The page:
Abby Kral is a health insurance executive. Prior to entering the private sector, Abby spent over a decade in the U.S. Senate and on political campaigns, serving as Staff Director on the U.S. Senate Health Education Labor and Pensions Sub-Committee, where she led the successful passage of over a dozen bills to become law. She holds an MBA in Finance and occasionally day trades, while her dog, Eddie, watches CNBC.
Abdul-Rahman Lediju is currently an investment officer in Deutsche Bank’s Global Social Finance Group in NY, which focuses on impact investments globally via structured social investment vehicles. He has geographic responsibility for investments in the Sub-Saharan Africa region and supports the management of funds for inclusive financial institutions and clean cookstove and clean fuel social enterprises. Prior to joining Deutsche Bank, he worked for FINCA International, a global microfinance network, in East, Southern and West Africa, including serving as Chief Operations Officer for FINCA’s greenfield operations in Nigeria. Previously, Mr. Lediju worked with the distressed investments group at Deutsche Bank Securities Inc. (New York) and in transactional and restructuring law for Kramer, Levin, Naftalis & Frankel LLP (New York). He was also a fellow with the legal advisory group at the Food and Agriculture Organization of the United Nations (Italy). Mr. Lediju received his Juris Doctor from the Howard University School of Law and B.A. in Social Science (focus on African international development) and minor in Philosophy from the University of Michigan, Ann Arbor. He is a licensed New York attorney.
Mark Palmer is a licensed architect at CallisonRTKL in Washington, DC specializing in Healthcare architecture and sustainable design. He has volunteered with Architecture for Humanity since 2004 and has worked on public interest design projects in the United States, Africa, and India. In 2009, Mark led an interactive workshop with Jitegemee to plan and design the new buildings and campus. In 2013, he led the ‘A Place To Go’ project which designed and funded the construction of a biogas toilet for the program which creates energy from waste. Mark believes that design can make the world a better place and should be driven by culture, ecology, and social impact. Mark completed his Master of Architecture from Norwich University in 2004 and currently lives in Washington, DC. Mark loves all plants and animals, especially sharks and dinosaurs, watching zombie movies, and he only sings in falsetto.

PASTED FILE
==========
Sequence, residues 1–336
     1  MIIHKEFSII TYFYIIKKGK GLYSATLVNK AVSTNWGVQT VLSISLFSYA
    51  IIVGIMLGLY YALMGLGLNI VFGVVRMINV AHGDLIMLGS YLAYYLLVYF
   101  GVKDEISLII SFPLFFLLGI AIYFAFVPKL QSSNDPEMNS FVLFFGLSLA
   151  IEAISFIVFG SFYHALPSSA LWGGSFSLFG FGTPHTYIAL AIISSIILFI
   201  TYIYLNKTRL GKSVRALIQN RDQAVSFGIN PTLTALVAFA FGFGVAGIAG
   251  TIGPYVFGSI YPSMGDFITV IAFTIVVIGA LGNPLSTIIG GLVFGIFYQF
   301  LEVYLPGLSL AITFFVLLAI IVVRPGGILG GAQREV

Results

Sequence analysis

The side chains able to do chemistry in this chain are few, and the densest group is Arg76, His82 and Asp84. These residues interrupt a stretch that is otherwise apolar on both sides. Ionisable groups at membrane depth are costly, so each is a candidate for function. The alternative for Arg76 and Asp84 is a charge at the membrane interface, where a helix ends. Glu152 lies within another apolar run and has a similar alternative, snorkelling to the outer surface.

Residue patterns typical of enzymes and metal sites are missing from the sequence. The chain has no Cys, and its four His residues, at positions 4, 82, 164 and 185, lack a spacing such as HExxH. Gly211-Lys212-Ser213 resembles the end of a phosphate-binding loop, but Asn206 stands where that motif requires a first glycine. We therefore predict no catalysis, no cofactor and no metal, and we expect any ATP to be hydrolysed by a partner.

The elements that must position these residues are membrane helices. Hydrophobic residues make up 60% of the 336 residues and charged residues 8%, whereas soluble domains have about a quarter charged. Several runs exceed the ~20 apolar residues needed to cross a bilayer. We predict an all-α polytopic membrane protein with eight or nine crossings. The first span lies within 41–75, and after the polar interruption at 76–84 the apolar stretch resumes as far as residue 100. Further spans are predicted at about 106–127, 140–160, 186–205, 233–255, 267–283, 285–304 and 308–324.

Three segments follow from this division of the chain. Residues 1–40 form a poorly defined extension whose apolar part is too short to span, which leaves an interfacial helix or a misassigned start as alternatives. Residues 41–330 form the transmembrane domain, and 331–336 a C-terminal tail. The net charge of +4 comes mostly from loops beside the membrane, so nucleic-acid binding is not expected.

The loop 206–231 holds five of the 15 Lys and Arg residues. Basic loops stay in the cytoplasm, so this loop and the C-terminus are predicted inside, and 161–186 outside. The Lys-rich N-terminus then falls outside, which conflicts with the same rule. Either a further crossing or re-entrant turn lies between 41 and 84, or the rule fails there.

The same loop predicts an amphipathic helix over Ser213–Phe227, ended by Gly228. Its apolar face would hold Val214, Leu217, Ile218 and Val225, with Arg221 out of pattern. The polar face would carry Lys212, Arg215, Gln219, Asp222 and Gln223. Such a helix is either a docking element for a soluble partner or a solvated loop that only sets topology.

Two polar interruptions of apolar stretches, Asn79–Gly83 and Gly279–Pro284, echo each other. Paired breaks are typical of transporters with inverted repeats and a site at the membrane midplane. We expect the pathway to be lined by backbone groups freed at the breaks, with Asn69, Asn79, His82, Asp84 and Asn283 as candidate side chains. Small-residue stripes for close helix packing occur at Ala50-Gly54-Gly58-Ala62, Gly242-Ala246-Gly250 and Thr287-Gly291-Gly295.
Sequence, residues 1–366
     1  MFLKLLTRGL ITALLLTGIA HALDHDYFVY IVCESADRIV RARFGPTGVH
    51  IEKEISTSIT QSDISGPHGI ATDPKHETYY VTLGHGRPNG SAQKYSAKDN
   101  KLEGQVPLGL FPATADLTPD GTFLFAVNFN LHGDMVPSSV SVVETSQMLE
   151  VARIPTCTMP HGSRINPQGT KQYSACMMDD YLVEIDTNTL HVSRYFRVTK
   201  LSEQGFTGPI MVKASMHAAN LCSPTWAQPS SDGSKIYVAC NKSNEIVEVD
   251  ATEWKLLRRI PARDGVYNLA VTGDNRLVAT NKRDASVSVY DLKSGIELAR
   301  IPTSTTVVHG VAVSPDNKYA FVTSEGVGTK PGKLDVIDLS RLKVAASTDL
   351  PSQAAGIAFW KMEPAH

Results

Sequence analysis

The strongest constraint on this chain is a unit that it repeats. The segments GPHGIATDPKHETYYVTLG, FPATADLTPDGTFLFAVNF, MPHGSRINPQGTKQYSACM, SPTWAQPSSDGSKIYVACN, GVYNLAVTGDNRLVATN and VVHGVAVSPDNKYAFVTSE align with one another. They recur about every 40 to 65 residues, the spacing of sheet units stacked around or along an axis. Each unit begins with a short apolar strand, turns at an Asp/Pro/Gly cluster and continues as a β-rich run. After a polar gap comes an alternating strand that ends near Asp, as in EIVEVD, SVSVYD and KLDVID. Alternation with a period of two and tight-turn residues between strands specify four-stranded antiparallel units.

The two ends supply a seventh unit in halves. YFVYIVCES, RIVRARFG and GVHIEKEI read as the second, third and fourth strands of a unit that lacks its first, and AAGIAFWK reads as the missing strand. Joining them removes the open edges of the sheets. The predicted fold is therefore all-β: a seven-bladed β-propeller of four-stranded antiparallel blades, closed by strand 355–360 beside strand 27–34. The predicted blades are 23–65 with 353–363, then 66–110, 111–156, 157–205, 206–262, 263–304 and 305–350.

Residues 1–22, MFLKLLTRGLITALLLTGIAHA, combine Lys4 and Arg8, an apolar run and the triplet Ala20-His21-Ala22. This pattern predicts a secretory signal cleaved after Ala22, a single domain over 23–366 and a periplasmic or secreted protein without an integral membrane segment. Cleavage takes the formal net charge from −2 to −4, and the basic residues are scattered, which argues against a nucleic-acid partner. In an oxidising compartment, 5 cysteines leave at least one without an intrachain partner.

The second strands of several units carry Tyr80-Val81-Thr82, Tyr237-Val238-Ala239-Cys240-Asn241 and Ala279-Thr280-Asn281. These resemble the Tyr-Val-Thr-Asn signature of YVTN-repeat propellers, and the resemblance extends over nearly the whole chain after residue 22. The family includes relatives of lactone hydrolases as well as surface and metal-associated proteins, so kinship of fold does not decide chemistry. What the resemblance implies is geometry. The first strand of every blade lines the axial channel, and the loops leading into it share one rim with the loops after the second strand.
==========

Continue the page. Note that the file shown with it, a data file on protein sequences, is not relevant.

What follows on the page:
Devin Powell is a science journalist with credits at publications ranging from the New York Times and the Washington Post to National Geographic and Nature. His work, featured in the Best American Science Writing anthology, has explored everything from how our brains work to how the universe began. He holds a BA in biochemistry from Harvard and a Master’s in science writing from Johns Hopkins, and got his start in science searching for new treatments for Alzheimer’s disease at Columbia University.
Regina Schwartz is the Director of the Public Engagement Unit for the City of New York, where her team conducts proactive outreach to reach vulnerable New Yorkers on a range of issues and ensure the adoption of modern outreach tools and tactics throughout the Administration. She also served as the Chief of Staff for Intergovernmental Affairs. She has expertise in the behavioral science of civic engagement, global and online organizing, scientifically-proven methods for increasing voter turnout, and improving the effectiveness of organizational communication. Formerly, she was the Deputy Director and a founding partner at the Analyst Institute, where she worked closely with hundreds of progressive organizations and the Obama Campaign to incorporate randomized experiments and scientifically proven best practices into their efforts. Regina worked in the Washington Office of Congresswoman Gillibrand and has a field and Union organizing background. She studied organizing and social movements under Marshall Ganz at Harvard College.